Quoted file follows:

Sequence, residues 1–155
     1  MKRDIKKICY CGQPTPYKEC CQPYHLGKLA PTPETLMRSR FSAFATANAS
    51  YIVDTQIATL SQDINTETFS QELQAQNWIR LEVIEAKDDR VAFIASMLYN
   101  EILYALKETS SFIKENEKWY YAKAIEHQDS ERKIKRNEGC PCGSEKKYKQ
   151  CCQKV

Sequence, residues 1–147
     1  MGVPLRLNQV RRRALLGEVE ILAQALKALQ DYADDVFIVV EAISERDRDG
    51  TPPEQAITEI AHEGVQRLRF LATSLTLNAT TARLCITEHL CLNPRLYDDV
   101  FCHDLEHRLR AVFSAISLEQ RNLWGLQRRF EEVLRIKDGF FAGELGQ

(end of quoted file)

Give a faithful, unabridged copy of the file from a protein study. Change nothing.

Sequence, residues 1–155
     1  MKRDIKKICY CGQPTPYKEC CQPYHLGKLA PTPETLMRSR FSAFATANAS
    51  YIVDTQIATL SQDINTETFS QELQAQNWIR LEVIEAKDDR VAFIASMLYN
   101  EILYALKETS SFIKENEKWY YAKAIEHQDS ERKIKRNEGC PCGSEKKYKQ
   151  CCQKV

Sequence, residues 1–147
     1  MGVPLRLNQV RRRALLGEVE ILAQALKALQ DYADDVFIVV EAISERDRDG
    51  TPPEQAITEI AHEGVQRLRF LATSLTLNAT TARLCITEHL CLNPRLYDDV
   101  FCHDLEHRLR AVFSAISLEQ RNLWGLQRRF EEVLRIKDGF FAGELGQ